The Perth Wildcats opened their account with a relatively easy victory over the Brisbane Bullets. After a sluggish start to the game on the offensive end, the Wildcats eventually found their rhythm and were never truly tested, winning 96-86.
The two-time reigning champions again entered the season looking like a contending team, and nothing we saw on Friday night changes that.
And while we saw mostly positive things from the ‘Cats, it wasn’t all plain sailing.
Here are some of the good and one, maybe, not so good from the opening game.
Cotton Gonna Cotton
The re-signing of Bryce Cotton came as quite the shock. After such an impressive performance in last season’s finals and the latter part of the regular season, the thought was that surely he’d done enough to warrant a spot on an NBA roster. Or at least a big European payday.
Of course, that didn’t eventuate and the Wildcats are the beneficiaries.
If there were any doubts ( And there shouldn’t have been) about last season being a fluke performance, Cotton certainly put those to bed in the opener
He does everything you want in your star playmaker: He shoots 3s, can create his own shot, gets to the line and gets his teammates involved.
It’s all those things that make him not just a great player but a super efficient one. It also makes him the best player in the NBL.
Barring an injury, the smart money is on him adding a regular season MVP to his Finals one from last season – the current king of the NBL, until proven otherwise.
JP Tokoto’s tenacity on the defensive end was never in question. You’d be hard pressed to find many wing defenders, not just in the NBL but anywhere, better than Tokoto.
There was, however, some questions around his offensive game; mainly his outside shooting, dribble penetration and creating his own shot.
While he’s deadly in the open court due to his athleticism, he’s half-court game is still a work in progress.
The good news is he has plenty of room for growth and he seemed to show some of that in his NBL debut.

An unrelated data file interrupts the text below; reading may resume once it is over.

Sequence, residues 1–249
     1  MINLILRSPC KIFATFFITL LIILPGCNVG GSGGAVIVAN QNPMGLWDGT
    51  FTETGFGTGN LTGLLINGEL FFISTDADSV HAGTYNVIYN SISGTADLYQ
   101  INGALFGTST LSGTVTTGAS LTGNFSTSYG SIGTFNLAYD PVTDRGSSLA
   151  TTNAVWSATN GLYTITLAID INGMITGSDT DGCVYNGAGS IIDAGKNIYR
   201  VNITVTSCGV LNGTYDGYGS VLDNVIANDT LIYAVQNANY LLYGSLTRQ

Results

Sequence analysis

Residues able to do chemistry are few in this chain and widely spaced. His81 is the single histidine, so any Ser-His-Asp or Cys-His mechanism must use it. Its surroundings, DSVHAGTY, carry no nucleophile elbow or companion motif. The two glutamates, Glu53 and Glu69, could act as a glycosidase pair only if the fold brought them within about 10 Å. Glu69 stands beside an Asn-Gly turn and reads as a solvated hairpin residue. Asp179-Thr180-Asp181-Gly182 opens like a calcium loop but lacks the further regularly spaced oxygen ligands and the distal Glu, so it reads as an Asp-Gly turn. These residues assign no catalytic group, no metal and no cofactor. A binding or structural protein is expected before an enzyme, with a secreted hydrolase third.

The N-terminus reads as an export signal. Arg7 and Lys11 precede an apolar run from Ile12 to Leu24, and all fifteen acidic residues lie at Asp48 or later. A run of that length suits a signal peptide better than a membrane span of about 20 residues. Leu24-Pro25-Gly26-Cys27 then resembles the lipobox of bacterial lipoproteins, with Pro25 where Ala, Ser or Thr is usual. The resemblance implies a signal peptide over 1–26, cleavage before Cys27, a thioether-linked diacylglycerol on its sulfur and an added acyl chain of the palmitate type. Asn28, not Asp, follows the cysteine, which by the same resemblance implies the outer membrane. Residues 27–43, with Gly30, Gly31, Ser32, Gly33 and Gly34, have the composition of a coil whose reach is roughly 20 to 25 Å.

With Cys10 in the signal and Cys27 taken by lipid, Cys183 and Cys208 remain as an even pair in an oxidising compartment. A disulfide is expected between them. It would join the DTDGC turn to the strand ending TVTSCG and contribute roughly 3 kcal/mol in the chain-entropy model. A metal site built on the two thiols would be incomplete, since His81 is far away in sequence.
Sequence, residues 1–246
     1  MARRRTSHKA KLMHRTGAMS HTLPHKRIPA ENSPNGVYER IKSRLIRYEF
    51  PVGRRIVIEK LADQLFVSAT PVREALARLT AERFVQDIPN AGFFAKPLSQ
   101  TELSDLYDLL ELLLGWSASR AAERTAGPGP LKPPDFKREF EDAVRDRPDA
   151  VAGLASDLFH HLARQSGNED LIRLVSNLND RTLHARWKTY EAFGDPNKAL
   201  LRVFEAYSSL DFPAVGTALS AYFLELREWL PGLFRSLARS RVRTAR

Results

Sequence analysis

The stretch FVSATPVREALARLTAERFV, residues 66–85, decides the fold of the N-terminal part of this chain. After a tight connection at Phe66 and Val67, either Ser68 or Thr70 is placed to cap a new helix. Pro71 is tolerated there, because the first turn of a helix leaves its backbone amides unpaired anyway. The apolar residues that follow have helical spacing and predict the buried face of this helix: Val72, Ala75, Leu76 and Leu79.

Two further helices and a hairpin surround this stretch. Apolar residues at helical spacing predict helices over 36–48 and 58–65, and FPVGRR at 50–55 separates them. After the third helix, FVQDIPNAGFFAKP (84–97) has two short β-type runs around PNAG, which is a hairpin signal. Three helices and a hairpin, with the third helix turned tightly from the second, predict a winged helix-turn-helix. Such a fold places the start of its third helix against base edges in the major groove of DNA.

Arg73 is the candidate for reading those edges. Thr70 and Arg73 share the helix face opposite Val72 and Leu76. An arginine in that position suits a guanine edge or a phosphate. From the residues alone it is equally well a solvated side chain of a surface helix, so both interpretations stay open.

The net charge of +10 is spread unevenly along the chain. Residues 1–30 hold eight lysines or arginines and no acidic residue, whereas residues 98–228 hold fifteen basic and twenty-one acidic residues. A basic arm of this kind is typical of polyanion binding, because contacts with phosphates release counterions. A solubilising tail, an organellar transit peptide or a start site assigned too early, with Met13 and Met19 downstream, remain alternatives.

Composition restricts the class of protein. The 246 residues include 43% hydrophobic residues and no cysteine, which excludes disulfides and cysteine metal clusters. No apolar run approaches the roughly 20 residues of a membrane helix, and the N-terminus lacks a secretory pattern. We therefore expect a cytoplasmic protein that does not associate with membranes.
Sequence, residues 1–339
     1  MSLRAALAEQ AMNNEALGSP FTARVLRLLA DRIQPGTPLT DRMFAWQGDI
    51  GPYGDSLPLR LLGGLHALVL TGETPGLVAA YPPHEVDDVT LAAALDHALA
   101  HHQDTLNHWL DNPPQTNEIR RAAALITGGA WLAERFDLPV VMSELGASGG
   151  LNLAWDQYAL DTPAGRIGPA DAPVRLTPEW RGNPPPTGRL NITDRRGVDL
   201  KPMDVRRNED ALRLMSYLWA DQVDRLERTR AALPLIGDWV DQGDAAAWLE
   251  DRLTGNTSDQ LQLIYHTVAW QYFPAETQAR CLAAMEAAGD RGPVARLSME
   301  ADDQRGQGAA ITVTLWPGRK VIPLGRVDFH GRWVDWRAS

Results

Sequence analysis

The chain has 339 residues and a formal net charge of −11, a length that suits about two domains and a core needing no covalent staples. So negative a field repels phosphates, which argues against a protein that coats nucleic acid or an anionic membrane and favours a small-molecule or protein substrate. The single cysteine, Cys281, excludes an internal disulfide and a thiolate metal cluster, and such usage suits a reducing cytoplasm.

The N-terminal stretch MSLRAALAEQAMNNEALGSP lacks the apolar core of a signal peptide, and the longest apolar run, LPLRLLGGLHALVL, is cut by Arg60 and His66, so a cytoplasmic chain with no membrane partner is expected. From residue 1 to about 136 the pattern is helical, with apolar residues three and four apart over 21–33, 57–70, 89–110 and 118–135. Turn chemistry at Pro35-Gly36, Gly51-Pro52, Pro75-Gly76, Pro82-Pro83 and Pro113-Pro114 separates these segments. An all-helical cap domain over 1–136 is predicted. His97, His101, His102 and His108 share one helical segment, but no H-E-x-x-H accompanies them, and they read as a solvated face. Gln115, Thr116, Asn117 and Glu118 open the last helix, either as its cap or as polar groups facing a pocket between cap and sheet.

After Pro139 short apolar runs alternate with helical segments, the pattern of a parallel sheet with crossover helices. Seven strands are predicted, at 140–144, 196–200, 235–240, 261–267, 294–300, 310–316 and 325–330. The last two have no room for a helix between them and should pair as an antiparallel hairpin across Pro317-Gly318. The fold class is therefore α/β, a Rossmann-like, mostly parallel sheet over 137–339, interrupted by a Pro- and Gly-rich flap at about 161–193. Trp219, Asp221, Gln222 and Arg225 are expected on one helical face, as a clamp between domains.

While there are still lingering questions about his outside shooting (although he did shoot 1-3 from 3pt line, which is OK) Tokoto showed nice touch in the mid-range, knocking down jumpers off the dribble. With his huge vertical leap, he makes these shots look like open jumpers, even with a defender in his face.
Continuing to knock these mid-range jumpers down means his defender won’t be able to sag off, which should open up driving lanes for easier layups. Which in turn unlocks another key part to his offensive development – attacking the rim off the dribble.
Add to that an effective 3pt shot and all of a sudden Tokoto becomes a more difficult prospect to defend.
Lack of rim protection confirmed
With Jameel McKay not returning for this campaign it left a rather large hole on the defensive end.
In today’s basketball it’s almost impossible to have a great defence without a Centre who can protect the rim.
You don’t necessarily need someone who is a super shot blocker, although it certainly helps, but the player manning the middle needs to be at least able to curtail the opponents from getting easy buckets at the rim.
Sure, that can mean blocking or altering opponents shots but equally important is being able to stop the penetration on a pick n roll or knowing when to help off your man.
Jameel McKay is really good at all of the above. In fact, protecting the rim is his biggest strength on a basketball court.
Unfortunately the same can’t be said for the Wildcats big men this season.
None of the three bigs in Angus Brandt, Matty Knight or Derek Cooke Jnr are natural shot blockers or rim protectors.
And that was evident on Saturday night with the Bullets, mainly Travis Trice, getting to the hoop almost at will.
By the end of the game Brisbane had scored a whopping 36 points in the paint, and most of those were easy uncontested layups.
Those easy layups were the predominant reason the Bullets shot an impressive 57% from the field.
You don’t win championships by allowing the opposition to score 36 points in the paint and shoot 57%.
In an ironic twist, Perth’s poor rim protection might have helped uncover a killer weapon.
With the team leaking points in the paint, and after watching Brisbane cut the lead down to just 6 points to start the 4th qtr, Trevor Gleeson made a change.
The change was to not play a Centre at all. Instead, he decided to play Lucas Walker as the big man, alongside Jesse Wagstaff, in a super-small lineup which had devastating results.
A six point lead quickly turned into 19 in just a tick over 2 minutes, and the ball game was over.
Credit to Gleeson for giving the small unit a crack. He’s generally been a coach who likes to play a traditional two big-man lineup. Seeing him change up his approach was great to see.
More smallball please!